Image via the University of Pittsburgh
Jessica Isaac said she and many other women working during the COVID-19 pandemic struggle to take care of themselves and those around them as they’re facing burnout from the pandemic.
“[If] you’re drained at the end of the day, can you really give your all? Are people receiving quality care when you’re tired?” Isaac, a UPMC pharmacy administrative fellow, said.
The University Library System and Community Engagement Center in Homewood held the virtual event “Honoring Women on the Front Line of COVID-19” on Tuesday afternoon over Zoom in honor of Women’s History Month. The event featured a conversation on the various roles women were forced to take on the front line of the pandemic, with Audrey Murrell — a professor of business administration and former Honors College acting dean — as the moderator.
Crystal McCormick Ware, a panelist and the ULS coordinator of diversity and inclusion initiatives, said some of the women were mothers who had to sustain their jobs, as well as the education of their own children.
“They are not unique in this situation,” Ware said. “Studies have shown that women are taking a higher proportion of these duties, and even taking care of their elderly parents, as well as maintaining their jobs, sustaining their own households, the caring of their children and working even remotely or physically.”
Ware said some women have had to drop out of the workforce entirely due to these pressures. More than 10 million women — about 17% of working women — rely on child care and schools to take care of their children while they work. In contrast, only 12% of working men rely on these systems.
Robin Kear, a panelist and liaison librarian at Hillman Library, continued by highlighting the heavy impact COVID-19 has had on the labor market, particularly for working women and their families. Kear said women were disproportionately represented in low-income jobs, and child care and school systems did not meet the needs of working mothers before or during the pandemic.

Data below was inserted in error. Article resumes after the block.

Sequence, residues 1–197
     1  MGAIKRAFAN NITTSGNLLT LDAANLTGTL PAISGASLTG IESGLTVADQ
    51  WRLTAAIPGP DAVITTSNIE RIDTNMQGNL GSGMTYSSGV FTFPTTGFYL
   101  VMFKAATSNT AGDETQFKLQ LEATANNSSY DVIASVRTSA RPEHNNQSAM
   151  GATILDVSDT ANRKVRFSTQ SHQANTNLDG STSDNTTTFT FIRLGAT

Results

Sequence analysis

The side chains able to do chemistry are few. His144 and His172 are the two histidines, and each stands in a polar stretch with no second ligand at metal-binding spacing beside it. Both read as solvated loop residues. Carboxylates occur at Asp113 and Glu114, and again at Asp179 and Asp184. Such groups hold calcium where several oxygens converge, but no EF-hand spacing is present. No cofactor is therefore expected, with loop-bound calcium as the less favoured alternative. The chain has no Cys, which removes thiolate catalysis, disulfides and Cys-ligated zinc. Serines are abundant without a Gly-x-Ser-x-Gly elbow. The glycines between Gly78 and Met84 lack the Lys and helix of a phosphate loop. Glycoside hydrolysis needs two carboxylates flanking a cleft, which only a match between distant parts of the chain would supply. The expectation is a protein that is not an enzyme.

Murrell asked panelists how the pandemic has changed the definition of an essential worker.
Allison McLaren, a panelist and a middle school English Language Learner and Spanish teacher at West Allegheny School District, said she always thought she was essential to society as a teacher. She said she started to realize she was an essential worker when she had to go out to the front line being around students during the pandemic, but without much support.
McLaren was unsure whether the government would acknowledge that teachers are essential workers.
“I’m not sure we will see a great shift in acknowledging what we have done and what we need to do,” McLaren said.
Bridgette Cofield — a panelist and assistant vice president of the human resources, diversity and inclusion department at Carlow University — echoed McLaren’s sentiment.
“It really resonated with me being the chief people officer at an institution of learning to understand that education is essential,” Cofield said.
Abby Jacobsen, media production equipment and services coordinator at Hillman Library, also said her perception of essential workers changed as a result of the pandemic. For her, she realized that the library is not just a space. She said the library is a place where people “become whole through education,” and are able to build community at Pitt.
“We are more essential than we even know, and I think it is harder to reflect on that when you’re living in it,” Jacobsen said.
Jacobsen said people have lost their communities, but by keeping the library open and having staff available, they can try to maintain normalcy in the most abnormal situation.
Murrell asked panelists about the unique effect of COVID-19 on women in the workforce. Isaac, a panelist, mentioned a few struggles she saw in her work experience in the health care setting. She said women who choose to have families while being health care professionals face the choice of going to work or not being able to stay at home with their children. She said some of her colleagues had to leave because of a lack in child care.